1. Millenials want to be a part of  “the process.” They have strong entrepreneurial tendencies and desire growth. If they do not feel they are growing at a company or firm, they are much more likely to move to another than their older peers.
    2. Millenials prefer to be coached and mentored instead of “bossed” or just told what to do. Interestingly, this does not mean that they want to work independently with little supervision; it’s quite the opposite. They actually prefer more interaction and feedback than the typical baby boomer.

Conforming to the Millennial Way of Life

So, what does this mean for law firms and particularly law firm management, practice area leaders and the like? It means an almost 180-degree change in the way associates have been managed in the past.

Millennial attorneys will want to be part of the process from the beginning. They are not content to receive a directive such as, “Research a particular point of law and prepare an annotated brief on the subject.” Instead, they want to know about the case, why the research is important for the case and how it will be used to benefit the case.

Likewise, instead of just receiving a red-lined document back with few instructions regarding how to improve the work, millennials will prefer to discuss how the work product was perceived, why changes were made and how the changes make the information better in relation to the case. They want to learn and grow from the process; i.e., from performing their work.

These types of processes will, indeed, make for a better learning experience for associates, enhance their skills and grow more capable team members. However, this approach will also take more time and patience on the leader’s behalf. Just a “do as I say” directive, without an explanation of why to do it, doesn’t sit well with a millennial. Over time, such treatment will erode the associate’s desire to stay at the firm.

Millennial Mentoring

Remember, these younger attorneys need to feel included and that they are growing and making a difference to be motivated and engaged. Just receiving a good paycheck and the chance at equity ownership isn’t a long-term motivator for them. That really is a cultural change in how many, if not most, young associates used to be trained to be the future leaders of a law firm.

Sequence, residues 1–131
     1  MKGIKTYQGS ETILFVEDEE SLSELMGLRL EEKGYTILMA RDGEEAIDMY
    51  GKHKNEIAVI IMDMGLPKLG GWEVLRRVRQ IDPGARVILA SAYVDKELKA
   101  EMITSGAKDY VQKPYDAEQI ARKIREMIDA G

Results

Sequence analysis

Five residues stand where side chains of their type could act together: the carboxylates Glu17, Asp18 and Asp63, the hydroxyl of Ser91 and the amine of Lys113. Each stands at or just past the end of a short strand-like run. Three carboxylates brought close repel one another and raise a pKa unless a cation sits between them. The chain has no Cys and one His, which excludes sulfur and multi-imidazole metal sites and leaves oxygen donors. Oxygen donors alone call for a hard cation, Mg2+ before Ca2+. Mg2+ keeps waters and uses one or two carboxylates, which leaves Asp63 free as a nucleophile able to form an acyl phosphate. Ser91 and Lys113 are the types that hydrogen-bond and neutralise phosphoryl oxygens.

Also, consider that dramatic change in a firm’s processes can’t happen all at once, or else the culture will implode. Instead of instituting entirely new training and evaluation programs, try adding in or updating your firm’s processes. As a start, adding a strong associate mentoring program with real checks and balances will go a long way toward including associates in the process. And know that opening up the lines of communications top-down and bottom-up at any organization also will result in better operations and more-satisfied employees. If good communication isn’t standard at your firm, offer training across the board.

The impact the changing workforce has had on law firms isn’t just beginning … it is happening and must be addressed now to avoid major business operational issues for law firms. Take note of this growing trend and make the necessary changes to ensure your firm has the best talent today and in the future.

ARTICLE BY Sue Remley of Jaffe
© Copyright 2008-2016, Jaffe Associates

12 Tips for Getting the Most Business Out of Speaking Events

speaking eventsSpeaking provides credibility and visibility, both of which are very helpful in terms of acquiring new clients. Yet, despite the significant time and effort that it takes to prepare presentations, many attorneys find that speaking events are not producing as much business as they had hoped. The following tips are intended to help lawyers identify areas to fine-tune their approach, in order to produce better results going forward.

  1. Find the Best Audience – Speaking to a wide range of groups just to get experience can be a very good idea. However, once an attorney becomes more comfortable and skilled at communicating to groups and managing the dynamics of a room, it is important to start actively seeking the ideal audience. This may take some trial and error. The best organizations for reaching a particular niche may not be as obvious as one might think. If you are not getting the business you want, this is the first place to look.